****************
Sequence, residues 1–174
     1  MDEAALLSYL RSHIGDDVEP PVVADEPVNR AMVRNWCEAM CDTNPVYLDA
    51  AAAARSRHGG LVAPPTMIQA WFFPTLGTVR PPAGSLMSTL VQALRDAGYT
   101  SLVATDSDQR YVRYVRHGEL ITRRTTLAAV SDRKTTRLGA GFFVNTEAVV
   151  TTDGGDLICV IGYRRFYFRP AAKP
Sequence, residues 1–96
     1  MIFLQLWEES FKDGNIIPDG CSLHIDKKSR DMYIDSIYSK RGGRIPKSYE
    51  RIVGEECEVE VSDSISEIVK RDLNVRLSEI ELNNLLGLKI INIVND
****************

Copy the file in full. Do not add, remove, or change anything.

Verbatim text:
Sequence, residues 1–174
     1  MDEAALLSYL RSHIGDDVEP PVVADEPVNR AMVRNWCEAM CDTNPVYLDA
    51  AAAARSRHGG LVAPPTMIQA WFFPTLGTVR PPAGSLMSTL VQALRDAGYT
   101  SLVATDSDQR YVRYVRHGEL ITRRTTLAAV SDRKTTRLGA GFFVNTEAVV
   151  TTDGGDLICV IGYRRFYFRP AAKP
Sequence, residues 1–96
     1  MIFLQLWEES FKDGNIIPDG CSLHIDKKSR DMYIDSIYSK RGGRIPKSYE
    51  RIVGEECEVE VSDSISEIVK RDLNVRLSEI ELNNLLGLKI INIVND